Sweet Tea Memories of Moonshine and Champagne

My newest book, “Sweet Tea Secrets from the Deep-Fried South” will be released by Tyndale House in the spring of this year. I thought it would be fun to share sweet memories about how my parents encouraged balancing our lives with both culture and agri-culture.

I grew-up in parallel universes—stuck between the wonderful world of “The Lawrence Welk” and the antics of the iconic country show, “Hee Haw.”

The other day Thomas and I were watching a pro football game and during halftime, Thomas began channel surfing. 

“Stop!” I said in a commanding voice, “It’s Lawrence Welk!”

Thomas looked at me like I’d lost my mind and drifted back into chiffon and hairspray yester-year but Lawrence Welk has been a pivotal part of my life.

One of my first childhood memories was sitting with my grandmother as we watched the Lawrence Welk Show on her small  black-and-white television. Grandmother had an amazing imagination. She would OOH and AAH over the pretty dresses. Living on a farm, it never occured to me what I was missing. I only thought about all I had. Remember the scene in the Wizard of Oz when Dorothy steps from black-and-white into the colorful Land of Oz? The day Daddy brought home a color television was pure magic.

When my parents watched Lawrence Welk, Daddy’s favorite thing to do was pretend the audience couples’ dancing were his friends.

“Oh, look…there is Mash and Greggie and Harold and Evelyn.” Daddy acted as if his BFFs  were movie stars which made his comments really funny.

 Lawrence Welk made such an impression on me, that when I won Miss Charleston and needed a talent for the Miss South Carolina Pageant, I watched Eva Gardner perform a song entitled, “The Party’s Over.”  I was so enthralled with that song,  my coach, who was also the coach for broadway star,  Debbie Reynolds, created a vocal medley of both, “The Party’s Over” and “Send in the Clowns.”  It was totally brilliant!  With an orchestra backing me, I performed the medley on the stage of the Miss South Carolina Pageant and won a talent preliminary award.  Finally I had my Lawrence Welk moment!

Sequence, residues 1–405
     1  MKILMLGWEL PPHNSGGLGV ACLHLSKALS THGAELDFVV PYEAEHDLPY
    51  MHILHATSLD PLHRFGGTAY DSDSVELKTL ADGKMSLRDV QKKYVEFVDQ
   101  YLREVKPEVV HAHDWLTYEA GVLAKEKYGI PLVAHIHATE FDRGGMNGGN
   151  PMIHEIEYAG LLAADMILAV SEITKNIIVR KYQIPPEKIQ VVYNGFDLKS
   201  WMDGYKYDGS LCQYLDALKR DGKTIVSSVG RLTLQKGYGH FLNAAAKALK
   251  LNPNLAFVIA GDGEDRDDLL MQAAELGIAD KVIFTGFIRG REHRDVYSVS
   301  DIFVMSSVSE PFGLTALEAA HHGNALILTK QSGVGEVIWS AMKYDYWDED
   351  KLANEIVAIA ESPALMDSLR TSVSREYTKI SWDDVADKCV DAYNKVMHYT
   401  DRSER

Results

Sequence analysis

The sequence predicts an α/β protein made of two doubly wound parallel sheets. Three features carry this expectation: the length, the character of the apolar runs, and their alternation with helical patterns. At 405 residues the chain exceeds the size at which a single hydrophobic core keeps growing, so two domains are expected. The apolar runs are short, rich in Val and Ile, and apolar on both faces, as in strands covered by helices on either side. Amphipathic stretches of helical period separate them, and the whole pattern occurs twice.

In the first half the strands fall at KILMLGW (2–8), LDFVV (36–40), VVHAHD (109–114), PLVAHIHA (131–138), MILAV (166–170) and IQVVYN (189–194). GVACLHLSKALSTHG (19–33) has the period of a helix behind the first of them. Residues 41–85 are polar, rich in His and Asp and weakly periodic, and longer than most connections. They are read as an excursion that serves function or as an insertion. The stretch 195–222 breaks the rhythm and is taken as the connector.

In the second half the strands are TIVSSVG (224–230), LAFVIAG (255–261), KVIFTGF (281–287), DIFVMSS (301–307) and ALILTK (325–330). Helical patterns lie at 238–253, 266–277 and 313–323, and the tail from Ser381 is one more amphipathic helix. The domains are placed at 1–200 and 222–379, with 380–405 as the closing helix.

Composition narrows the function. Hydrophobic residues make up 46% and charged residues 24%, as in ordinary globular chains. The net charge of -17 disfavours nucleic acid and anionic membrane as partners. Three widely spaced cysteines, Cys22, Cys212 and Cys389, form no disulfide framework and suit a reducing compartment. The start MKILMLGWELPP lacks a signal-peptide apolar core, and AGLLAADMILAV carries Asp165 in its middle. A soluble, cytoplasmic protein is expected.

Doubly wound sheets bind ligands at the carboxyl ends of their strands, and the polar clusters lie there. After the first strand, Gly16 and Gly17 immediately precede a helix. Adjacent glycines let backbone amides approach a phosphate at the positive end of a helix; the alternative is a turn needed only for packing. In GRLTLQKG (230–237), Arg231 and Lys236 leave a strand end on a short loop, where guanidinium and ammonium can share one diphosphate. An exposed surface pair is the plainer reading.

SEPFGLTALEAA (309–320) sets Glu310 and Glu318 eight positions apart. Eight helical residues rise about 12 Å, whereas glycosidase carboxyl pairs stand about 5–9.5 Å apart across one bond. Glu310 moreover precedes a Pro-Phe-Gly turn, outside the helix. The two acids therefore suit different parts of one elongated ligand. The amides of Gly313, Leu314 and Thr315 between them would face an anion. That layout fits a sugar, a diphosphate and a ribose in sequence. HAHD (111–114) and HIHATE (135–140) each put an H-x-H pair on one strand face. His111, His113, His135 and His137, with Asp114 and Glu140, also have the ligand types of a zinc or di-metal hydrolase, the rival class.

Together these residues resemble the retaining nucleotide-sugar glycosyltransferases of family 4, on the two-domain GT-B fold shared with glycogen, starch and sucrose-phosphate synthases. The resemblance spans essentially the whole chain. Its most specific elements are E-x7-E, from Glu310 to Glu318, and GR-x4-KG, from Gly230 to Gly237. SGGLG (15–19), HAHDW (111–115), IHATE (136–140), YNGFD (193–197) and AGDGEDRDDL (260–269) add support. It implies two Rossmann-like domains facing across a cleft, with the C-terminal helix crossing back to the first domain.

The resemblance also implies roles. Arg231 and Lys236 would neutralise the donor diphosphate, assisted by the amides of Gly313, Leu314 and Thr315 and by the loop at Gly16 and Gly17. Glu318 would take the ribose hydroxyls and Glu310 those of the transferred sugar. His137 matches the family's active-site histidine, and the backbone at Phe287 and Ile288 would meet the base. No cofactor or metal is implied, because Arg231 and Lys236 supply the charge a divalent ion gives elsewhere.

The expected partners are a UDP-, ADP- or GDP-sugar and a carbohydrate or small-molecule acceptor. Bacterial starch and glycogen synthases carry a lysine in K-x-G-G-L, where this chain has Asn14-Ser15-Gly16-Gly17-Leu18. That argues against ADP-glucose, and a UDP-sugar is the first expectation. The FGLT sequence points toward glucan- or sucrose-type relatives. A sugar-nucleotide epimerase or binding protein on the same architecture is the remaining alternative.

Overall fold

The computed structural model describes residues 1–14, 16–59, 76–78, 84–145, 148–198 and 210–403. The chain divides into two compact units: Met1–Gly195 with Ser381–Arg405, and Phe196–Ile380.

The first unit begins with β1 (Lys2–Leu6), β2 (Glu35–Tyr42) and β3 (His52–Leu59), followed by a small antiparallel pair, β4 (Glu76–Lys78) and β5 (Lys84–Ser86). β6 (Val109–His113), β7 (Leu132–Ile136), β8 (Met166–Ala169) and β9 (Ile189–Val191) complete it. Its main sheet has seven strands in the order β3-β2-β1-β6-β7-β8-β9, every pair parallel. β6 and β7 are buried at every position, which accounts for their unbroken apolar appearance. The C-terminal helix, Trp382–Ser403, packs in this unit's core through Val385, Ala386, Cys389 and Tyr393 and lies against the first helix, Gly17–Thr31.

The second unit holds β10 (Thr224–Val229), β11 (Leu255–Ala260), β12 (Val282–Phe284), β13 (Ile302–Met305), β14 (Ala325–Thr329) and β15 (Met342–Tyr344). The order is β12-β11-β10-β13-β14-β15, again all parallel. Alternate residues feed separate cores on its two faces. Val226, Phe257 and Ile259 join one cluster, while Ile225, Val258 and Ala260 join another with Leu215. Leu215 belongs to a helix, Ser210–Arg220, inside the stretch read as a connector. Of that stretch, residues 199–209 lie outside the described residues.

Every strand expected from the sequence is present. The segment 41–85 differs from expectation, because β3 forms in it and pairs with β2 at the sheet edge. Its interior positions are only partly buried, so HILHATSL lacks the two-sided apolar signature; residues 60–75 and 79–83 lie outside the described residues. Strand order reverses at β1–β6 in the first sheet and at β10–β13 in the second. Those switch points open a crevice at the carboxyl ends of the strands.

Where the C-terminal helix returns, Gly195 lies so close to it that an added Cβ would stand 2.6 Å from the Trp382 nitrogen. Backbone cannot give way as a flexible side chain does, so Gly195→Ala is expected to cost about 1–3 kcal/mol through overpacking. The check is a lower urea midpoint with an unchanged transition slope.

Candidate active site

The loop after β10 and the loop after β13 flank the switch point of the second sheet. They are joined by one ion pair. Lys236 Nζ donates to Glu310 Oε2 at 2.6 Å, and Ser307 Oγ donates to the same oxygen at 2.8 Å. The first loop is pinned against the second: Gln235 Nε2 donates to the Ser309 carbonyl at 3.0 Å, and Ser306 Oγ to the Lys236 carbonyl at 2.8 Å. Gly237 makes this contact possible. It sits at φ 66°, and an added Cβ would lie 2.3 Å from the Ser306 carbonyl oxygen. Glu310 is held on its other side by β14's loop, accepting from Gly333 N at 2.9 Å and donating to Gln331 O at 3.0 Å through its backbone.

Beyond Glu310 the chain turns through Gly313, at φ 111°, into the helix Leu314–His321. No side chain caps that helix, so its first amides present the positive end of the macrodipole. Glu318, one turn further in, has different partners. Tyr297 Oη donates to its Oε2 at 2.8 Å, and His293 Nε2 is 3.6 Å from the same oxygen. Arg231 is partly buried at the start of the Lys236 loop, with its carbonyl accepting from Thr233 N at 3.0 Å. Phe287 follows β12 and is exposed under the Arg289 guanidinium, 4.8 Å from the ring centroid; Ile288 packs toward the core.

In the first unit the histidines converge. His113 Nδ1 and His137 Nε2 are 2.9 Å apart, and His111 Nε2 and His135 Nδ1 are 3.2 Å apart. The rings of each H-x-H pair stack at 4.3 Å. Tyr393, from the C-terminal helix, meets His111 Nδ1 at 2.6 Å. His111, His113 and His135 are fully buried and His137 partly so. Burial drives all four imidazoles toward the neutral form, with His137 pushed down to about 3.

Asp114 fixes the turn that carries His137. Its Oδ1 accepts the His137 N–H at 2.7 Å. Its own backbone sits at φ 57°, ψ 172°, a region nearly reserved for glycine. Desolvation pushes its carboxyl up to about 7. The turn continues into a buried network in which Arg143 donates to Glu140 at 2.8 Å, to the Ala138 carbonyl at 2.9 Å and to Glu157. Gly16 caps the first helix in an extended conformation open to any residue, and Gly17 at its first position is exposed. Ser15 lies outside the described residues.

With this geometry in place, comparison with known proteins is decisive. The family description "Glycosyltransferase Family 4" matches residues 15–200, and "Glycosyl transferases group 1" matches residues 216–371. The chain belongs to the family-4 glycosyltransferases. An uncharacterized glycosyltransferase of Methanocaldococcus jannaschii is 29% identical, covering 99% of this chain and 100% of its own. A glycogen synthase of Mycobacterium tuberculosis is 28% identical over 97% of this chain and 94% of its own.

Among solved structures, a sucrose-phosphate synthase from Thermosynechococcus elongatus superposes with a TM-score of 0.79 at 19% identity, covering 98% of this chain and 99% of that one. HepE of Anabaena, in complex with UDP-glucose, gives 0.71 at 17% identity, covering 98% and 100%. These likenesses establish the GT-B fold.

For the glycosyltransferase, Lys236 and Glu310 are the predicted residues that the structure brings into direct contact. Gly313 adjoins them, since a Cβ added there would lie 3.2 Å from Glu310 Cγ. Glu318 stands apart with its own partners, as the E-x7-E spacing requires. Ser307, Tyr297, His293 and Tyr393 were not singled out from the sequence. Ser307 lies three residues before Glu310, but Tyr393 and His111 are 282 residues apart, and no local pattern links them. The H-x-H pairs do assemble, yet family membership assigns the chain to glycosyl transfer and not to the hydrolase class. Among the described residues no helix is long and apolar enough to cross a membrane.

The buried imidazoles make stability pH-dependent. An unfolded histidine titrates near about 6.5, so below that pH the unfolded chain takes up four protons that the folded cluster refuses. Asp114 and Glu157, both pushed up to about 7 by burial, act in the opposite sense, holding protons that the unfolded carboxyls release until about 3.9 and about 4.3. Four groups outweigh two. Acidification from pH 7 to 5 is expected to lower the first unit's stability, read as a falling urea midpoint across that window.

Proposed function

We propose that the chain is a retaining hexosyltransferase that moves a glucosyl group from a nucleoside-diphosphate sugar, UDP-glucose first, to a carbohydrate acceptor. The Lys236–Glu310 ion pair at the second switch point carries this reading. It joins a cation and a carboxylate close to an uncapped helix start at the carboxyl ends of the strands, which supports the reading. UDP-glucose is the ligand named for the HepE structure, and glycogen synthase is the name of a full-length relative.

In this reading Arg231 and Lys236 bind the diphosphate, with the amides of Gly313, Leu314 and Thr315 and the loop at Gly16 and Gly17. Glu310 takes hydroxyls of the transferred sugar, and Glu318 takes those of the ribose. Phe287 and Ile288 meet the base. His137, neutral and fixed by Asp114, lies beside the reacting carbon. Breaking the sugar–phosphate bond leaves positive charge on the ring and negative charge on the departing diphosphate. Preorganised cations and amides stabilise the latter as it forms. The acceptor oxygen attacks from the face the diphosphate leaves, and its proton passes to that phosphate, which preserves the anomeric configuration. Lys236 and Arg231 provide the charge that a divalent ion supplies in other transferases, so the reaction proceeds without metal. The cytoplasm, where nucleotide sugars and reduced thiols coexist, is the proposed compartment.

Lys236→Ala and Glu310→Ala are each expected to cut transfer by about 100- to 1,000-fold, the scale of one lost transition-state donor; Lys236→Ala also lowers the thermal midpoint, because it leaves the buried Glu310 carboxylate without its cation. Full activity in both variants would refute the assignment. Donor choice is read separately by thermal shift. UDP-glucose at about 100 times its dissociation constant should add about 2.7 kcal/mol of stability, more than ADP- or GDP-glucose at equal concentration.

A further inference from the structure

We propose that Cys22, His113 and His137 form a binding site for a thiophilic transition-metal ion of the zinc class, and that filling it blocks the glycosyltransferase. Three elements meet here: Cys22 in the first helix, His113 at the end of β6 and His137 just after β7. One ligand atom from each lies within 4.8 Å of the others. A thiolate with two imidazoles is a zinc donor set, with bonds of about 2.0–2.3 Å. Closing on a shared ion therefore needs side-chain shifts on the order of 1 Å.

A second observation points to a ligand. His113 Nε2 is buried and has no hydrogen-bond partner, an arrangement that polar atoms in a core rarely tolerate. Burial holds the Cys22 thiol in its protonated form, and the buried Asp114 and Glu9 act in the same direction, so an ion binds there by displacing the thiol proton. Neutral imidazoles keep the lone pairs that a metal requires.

But then “Hee Haw” was released and our television viewing habits changed. God forbid Lawrence Welk and Junior Samples compete on television at the same time. Junior Samples always won. Daddy was so impressed, he bought a pair bib overalls, just like Junior Samples. Old re-runs of Hee Haw still brings back memories of Daddy. 

I will never forget when Daddy tried his best to embarrass me when I had a group of college girlfriends spent the weekend on Johns Island. He walked into our den dressed in bib overalls as, you guessed it, Junior Samples. Momma said he had been practicing all day to make his entrance. Bless his heart, Daddy was so proud of me for going to college.  He just had to have some fun; thank goodness my mother did not dress like Minnie Pearl.

The pageantry of Lawrence Welk and down-to-earth humor of Hee-Haw’s helped make me who I am. Those moments of sitting in front of a TV with my family are like no other and some of the sweetest of my sweet tea memories. 

Screen time can still be sweet time when we’re sharing it with those we love. 
What’s your favorite TV memory moment?broadway star, 

Jane Jenkins Herlong is a Sirius XM Southern Humorist, international best-selling/award-winning author, professional singer, recording artist and award-winning professional speaker. An inductee into the prestigious Speaker Hall of Fame, Jane is the author of five best-selling/award-winning books. A former Miss America contestant,  Jane criss‐crosses the country sharing her sweet tea wisdom and Southern-fried humor.

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